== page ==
Industry & Economy
Uncle Sam's report card
THE latest Financial Report of the US Government has, for the first time, presented data to facilitate comparative analysis, and also added two new financial statements, viz. the reconciliation of net operating revenue/(cost) to the Budget Surplus to explain the differences between the accrual and budget results; and the disposition of the Budget Surplus to explain how the budgetary surplus was utilised.
Interestingly, the accrual based financial reporting reveals that the deficit for fiscal year 2001 is $515 billion in contrast to a $127-billion budget surplus. Here are a few other excerpts:
No other entity in the world compares in size, scope, and complexity to the US Government. Its budgeted outlays were $1.9 trillion in 2001. A civilian Federal workforce of 2.7 million individuals plus 1.4 million Department of Defense active duty military personnel serves a diverse Nation of more than 278 million Americans.
Although we continue to receive a disclaimer of opinion from our auditors, in this our fifth year of preparing financial statements, we are making progress in our quest to report the financial activities of the US Government timely, reliably, and in a format useful to the readers.
Revenues failed to increase in fiscal 2001; in fact they decreased modestly by $31.1 billion from fiscal 2000 due to lower corporate income-tax receipts reflecting the impact of a weakening economy.
The Government revenue comes from two sources: non-exchange transactions and exchange transactions. Non-exchange revenues arise primarily from exercise of the Government's power to demand payments from the public (e.g. taxes, duties, fines, and penalties). Exchange revenues arise when a Government entity provides goods and services to the public for a price, such as postage.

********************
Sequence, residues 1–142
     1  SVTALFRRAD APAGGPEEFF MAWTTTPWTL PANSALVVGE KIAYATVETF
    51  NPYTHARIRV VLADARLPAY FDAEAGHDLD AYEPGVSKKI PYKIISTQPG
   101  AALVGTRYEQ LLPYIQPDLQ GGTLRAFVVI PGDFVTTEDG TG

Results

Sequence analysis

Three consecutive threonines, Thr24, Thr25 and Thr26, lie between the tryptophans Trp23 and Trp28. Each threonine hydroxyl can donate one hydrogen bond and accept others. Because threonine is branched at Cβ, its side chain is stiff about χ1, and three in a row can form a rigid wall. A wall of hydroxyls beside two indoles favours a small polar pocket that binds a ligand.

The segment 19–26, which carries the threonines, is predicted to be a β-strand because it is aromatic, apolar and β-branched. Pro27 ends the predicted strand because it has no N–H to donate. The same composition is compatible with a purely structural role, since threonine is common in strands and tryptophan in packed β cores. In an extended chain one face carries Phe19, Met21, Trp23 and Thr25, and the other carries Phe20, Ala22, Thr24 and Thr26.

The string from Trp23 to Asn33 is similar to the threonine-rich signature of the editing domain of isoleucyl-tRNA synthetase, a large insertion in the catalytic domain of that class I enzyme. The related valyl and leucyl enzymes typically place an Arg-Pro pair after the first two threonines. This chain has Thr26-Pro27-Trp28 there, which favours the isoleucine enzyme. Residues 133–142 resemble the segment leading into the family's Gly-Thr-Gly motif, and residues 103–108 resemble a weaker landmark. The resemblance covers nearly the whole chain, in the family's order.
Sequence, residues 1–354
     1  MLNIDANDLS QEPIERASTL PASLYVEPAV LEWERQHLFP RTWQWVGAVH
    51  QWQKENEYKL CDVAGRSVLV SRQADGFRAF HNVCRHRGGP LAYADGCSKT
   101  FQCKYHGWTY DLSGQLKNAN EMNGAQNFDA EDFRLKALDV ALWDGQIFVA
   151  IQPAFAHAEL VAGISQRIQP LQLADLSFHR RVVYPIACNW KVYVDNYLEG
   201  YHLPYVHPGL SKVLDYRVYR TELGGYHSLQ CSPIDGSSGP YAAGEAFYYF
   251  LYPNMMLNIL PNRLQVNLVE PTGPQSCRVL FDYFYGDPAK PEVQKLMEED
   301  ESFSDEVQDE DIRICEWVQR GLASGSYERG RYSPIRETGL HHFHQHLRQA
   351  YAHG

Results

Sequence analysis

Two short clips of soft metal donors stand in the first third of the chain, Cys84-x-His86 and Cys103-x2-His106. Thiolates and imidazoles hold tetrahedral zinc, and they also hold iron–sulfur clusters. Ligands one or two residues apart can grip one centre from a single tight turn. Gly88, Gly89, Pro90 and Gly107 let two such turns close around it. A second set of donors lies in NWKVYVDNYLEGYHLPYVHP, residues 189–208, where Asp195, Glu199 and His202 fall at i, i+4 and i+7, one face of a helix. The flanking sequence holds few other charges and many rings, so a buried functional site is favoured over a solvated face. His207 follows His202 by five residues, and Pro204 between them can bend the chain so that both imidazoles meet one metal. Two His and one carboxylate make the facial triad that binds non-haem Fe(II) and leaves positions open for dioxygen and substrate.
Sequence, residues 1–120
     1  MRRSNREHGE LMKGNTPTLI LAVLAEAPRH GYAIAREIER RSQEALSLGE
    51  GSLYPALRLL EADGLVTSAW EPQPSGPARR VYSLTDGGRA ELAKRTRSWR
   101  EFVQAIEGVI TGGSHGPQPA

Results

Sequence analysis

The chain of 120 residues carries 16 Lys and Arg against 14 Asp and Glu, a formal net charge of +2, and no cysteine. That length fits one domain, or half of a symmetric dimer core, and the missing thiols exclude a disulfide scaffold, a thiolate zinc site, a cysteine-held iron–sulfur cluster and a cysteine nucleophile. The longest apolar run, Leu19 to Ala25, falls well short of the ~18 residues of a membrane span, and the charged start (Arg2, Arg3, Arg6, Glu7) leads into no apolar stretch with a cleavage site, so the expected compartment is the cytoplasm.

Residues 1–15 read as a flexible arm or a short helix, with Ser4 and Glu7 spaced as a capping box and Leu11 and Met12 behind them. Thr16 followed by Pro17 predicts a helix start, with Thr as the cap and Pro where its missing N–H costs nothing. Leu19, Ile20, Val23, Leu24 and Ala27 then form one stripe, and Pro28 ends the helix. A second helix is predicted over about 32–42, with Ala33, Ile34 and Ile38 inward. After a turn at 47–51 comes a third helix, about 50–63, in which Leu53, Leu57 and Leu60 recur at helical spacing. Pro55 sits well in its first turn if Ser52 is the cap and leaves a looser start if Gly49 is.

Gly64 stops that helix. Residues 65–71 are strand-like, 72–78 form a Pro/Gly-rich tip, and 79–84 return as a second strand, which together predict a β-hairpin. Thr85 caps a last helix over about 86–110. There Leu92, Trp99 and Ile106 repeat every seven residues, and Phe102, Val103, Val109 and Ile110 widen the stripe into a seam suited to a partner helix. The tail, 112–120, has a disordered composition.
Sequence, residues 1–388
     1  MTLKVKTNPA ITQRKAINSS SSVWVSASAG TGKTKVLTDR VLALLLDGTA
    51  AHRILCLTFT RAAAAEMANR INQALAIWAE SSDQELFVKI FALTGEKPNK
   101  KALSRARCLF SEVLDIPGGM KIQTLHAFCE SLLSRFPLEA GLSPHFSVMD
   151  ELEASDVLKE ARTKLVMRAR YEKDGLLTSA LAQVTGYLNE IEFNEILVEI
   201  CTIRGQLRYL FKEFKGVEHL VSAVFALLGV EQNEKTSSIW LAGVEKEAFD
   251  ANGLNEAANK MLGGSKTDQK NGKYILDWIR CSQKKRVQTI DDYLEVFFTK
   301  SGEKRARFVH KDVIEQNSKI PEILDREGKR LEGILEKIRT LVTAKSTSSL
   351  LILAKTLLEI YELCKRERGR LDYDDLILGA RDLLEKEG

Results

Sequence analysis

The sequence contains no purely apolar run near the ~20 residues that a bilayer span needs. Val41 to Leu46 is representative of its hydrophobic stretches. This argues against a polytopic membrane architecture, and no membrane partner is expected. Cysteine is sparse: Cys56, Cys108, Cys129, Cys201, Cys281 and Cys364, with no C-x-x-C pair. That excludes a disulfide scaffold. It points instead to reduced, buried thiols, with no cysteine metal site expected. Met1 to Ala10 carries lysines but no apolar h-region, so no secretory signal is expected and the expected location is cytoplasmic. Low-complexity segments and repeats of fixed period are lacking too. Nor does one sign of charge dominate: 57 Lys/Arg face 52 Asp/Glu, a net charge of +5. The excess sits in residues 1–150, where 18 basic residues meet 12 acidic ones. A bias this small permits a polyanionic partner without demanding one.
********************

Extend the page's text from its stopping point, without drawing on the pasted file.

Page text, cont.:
The Government also issued $35.2 billion in tax rebate checks to individual taxpayers during the fiscal year.
Just 184,000 payroll jobs were added to the economy in fiscal 2001, compared to 2.6 million in the previous fiscal year. Much of the deterioration was in the manufacturing sector, where almost 1 million payroll jobs were lost over the fiscal year.
The President's Budget for 2003 seeks to inaugurate an era of accountability in the conduct of the nation's public business. It takes the first step toward reporting to taxpayers on the relative effectiveness of the thousands of purposes on which their money is spent.
In order to ensure accountability for performance and results, the Administration is using an Executive Branch Management Scorecard. The Administration will use this scorecard to track how well departments and agencies are executing the management initiatives, and where they stand at a given point in time against the overall standards for success. The scorecard employs a simple "traffic light" grading system common today in well-run businesses: green for success, yellow for mixed results, and red for unsatisfactory. Scores are based on five standards for success, viz. human capital, competitive sourcing, financial management, E-Government, and Budget/ performance integration.
The most significant difference between cash basis and GAAP involves the timing of recognition and measurement of revenues and costs. For example, GAAP requires recognition of liabilities for costs related to environmental cleanup when the events requiring such costs occur and, among other things, the Government has acknowledged responsibility for the event. By contrast, current budget concepts recognise such costs later, at the time payment is made for the cleanup.
Stewardship lands include national parks, national forests, wilderness areas, and land used to enhance ecosystems to encourage animal and plant species and to conserve nature. Most stewardship land managed by the Government was once part of the 1.8 billion acres of public domain land acquired between 1781 and 1867.Stewardship land accounts for 28 per cent of the current US land mass.
The Library of Congress (LC) holds the world 's largest library collection, comprising more than 115 million items. The LC receives two copies of every book, pamphlet, map, print, photograph, and piece of music registered for copyright in the US.
The Government is not in a position to estimate the full magnitude of actual damage and loss resulting from federal computer security weaknesses because it is likely that many such incidents are either not detected or not reported. Agencies have not yet established comprehensive security management programmes, which would provide the Government with a framework for resolving computer security problems and managing computer security risks on an ongoing basis.
The message from Secretary of the Treasury, Mr Paul H.O'Neill, signs off bravely: "I believe that the American people deserve the highest standards of accountability and professionalism from their Government and I will not rest until we achieve them."
One wishes that the Indian governmental accounting system too embraced similar sentiments.
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